"The 1.5ah and 3.0ah packs both use Sony 18650 cells either in a 5S1P configuration in the 1.5ah or a 5S2P configuration in the 3.0ah."

-18650 is a cell size and does not indicate chemistry, much less subtle differences that would affect discharge and charge rates. The configuration is either 5 cells in series or 2 sets of 5 cells in series then wired in parallel.

I didnt say it indicates chemistry but if you want me to be exact they use the Konion LiMn cells and they are the same cells between each pack but half the amount of cells. which gives you either 3.0ah or 1.5ah

That still isn't exact, all you have given me is a manufacturers name. What makes you so sure they are the same? part numbers on cells you haven't even seen?




-The "star protection" has everything to do with charging. When cells are put in parallel charge and discharge rates increase. Don't feel insulted, I am sure you understand basic wiring and electrical, I am just being thorough.

Again it has nothing to do with the charging. The star system is a system that lets the tools and the battery comnucate with each other. It has nothing to do with the charger and the battery. Also im not insulted. Just trying to teach you about what you know nothing about

http://makitatools.com/en-us/Modules/Tools/LXTAdvantage/StarProtection.aspx


"Star protection is a system in place on the tool it's self and not every tool has it."

-Other than the electrical resistance of the tool's circuit, the tools have no such protection, at least not the "star" tools I have disassembled. And correct, not all tools use the same amount of current so some may or may not be used with the "star" batteries which don't support the higher discharge rates.

That's not what i said above. Star system is a system that lets the tool and battery communicate. When these 2 tools are put together the system works. When the star battery is put into a non star tool the system does not work.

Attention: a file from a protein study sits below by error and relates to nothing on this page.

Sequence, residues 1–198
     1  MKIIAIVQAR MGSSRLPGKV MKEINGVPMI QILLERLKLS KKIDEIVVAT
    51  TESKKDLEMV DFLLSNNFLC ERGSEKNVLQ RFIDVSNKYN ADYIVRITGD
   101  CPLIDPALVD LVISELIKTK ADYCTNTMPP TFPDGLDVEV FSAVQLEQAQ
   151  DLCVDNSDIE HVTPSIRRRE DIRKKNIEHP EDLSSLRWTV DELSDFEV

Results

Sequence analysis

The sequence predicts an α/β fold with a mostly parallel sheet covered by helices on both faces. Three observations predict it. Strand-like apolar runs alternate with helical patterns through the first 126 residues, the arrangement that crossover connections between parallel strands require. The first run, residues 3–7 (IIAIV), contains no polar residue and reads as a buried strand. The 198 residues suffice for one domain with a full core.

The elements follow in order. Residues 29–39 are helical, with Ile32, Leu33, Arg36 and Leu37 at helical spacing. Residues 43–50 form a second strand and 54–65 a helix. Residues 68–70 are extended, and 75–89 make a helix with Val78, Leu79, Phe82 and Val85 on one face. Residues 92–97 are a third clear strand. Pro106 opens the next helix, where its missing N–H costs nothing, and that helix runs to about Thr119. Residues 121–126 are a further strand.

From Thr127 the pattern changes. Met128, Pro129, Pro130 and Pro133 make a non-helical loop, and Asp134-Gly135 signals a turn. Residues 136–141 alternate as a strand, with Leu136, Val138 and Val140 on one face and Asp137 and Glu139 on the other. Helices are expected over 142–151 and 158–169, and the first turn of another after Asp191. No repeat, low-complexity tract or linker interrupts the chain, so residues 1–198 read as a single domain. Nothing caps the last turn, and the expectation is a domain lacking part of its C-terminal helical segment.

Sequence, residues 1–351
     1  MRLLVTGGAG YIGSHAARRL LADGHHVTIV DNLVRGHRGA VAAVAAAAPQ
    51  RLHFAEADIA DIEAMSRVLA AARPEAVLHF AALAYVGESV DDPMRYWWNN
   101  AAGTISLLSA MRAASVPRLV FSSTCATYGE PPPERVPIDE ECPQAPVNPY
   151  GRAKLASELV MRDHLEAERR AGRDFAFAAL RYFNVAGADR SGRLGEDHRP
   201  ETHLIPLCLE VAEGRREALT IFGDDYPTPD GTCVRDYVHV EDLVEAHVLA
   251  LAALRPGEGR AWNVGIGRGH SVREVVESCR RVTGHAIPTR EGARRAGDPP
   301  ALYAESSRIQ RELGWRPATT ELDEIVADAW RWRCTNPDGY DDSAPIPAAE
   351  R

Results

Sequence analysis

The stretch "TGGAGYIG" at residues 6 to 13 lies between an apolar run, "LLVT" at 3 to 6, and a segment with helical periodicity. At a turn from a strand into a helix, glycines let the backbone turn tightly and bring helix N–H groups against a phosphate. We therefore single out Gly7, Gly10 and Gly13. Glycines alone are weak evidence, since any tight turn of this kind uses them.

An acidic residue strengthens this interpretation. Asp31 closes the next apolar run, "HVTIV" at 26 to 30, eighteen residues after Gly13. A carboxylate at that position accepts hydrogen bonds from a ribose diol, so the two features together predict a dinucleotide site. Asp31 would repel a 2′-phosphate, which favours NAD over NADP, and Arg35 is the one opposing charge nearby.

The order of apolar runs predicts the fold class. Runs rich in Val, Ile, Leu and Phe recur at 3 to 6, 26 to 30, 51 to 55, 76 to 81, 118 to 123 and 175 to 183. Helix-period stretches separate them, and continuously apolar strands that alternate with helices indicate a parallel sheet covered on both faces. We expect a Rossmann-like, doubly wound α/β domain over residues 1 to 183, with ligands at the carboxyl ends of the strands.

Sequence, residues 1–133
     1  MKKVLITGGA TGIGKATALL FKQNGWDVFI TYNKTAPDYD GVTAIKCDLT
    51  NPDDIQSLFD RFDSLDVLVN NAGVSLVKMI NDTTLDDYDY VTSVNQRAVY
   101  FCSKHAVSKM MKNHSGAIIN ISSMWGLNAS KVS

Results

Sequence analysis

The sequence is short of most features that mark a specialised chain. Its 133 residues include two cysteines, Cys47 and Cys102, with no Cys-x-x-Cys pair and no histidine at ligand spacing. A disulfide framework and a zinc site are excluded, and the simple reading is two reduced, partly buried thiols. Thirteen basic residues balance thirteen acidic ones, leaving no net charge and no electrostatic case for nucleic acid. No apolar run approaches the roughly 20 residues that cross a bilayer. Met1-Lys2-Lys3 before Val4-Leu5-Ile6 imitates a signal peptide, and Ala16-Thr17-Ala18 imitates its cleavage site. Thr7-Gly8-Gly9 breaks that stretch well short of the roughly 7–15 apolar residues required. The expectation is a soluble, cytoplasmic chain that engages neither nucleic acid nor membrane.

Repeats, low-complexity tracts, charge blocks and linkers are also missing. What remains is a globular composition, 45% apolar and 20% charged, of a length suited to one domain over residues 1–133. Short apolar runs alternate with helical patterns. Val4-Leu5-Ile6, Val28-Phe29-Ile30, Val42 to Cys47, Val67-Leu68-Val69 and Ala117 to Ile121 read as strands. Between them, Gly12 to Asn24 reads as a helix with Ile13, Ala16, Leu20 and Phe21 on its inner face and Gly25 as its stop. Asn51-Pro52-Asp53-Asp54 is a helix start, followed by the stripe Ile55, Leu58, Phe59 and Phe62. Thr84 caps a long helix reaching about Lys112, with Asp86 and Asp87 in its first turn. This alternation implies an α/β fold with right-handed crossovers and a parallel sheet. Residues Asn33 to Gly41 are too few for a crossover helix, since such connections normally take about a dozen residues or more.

You are referencing a press release/promotional advertising? There is nothin gthe tool to communicate with the battery. Please show me actual evidence that supports this.





ES has had numerous people swap out cells and get packs working again. I my self have never bothered to try it. Its not worth my time. But it has to be done before the battery gets locked out by the charger

Again, where's the link to this evidence? I have a buddy with a ton of old makita batteries and I would love to fix them if it's worth it.





Again star system has nothing to do with charging. Its the charger that supply's the current to the packs. Weather it be a C1 charge rate or a C10 charge rate. The battery cant control the charging current.

If a battery has a circuit to shut off supply of current when too much is drawn what makes you think it can't work the other way? Mind you it need not, the charger could shut off supply. I have seen cell phones not accept a charge when the data line value isn't set correctly.


Ok anything else you want to be wrong on

You still have yet to show me anything other than a press release and a manufacturers name. Please, prove me wrong, with evidence next time. Like pictures of an open tool and this protection circuit you claim talks to the battery.
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Old 02-21-2015, 03:57 PM   #48
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Re: Another Makita Battery Bites The Dust!


Quote:
Originally Posted by skoronesa View Post
"The 1.5ah and 3.0ah packs both use Sony 18650 cells either in a 5S1P configuration in the 1.5ah or a 5S2P configuration in the 3.0ah."

-18650 is a cell size and does not indicate chemistry, much less subtle differences that would affect discharge and charge rates. The configuration is either 5 cells in series or 2 sets of 5 cells in series then wired in parallel.

I didnt say it indicates chemistry but if you want me to be exact they use the Konion LiMn cells and they are the same cells between each pack but half the amount of cells. which gives you either 3.0ah or 1.5ah

That still isn't exact, all you have given me is a manufacturers name. What makes you so sure they are the same? part numbers on cells you haven't even seen?

Who said i have not seen the cells. The part numbers for the cells are available online, they are sold every from ebay to sonys site. You can find hundreds on sites selling the packs ready to drop into the packs. What exactly makes you think your right and im wrong? You have proved you know nothing about whats even in the packs. Yet i have supplied battery brand, battery style, Battery model and battery chemistry. Its about time you stared backing up what you say with some kind of facts.




-The "star protection" has everything to do with charging. When cells are put in parallel charge and discharge rates increase. Don't feel insulted, I am sure you understand basic wiring and electrical, I am just being thorough.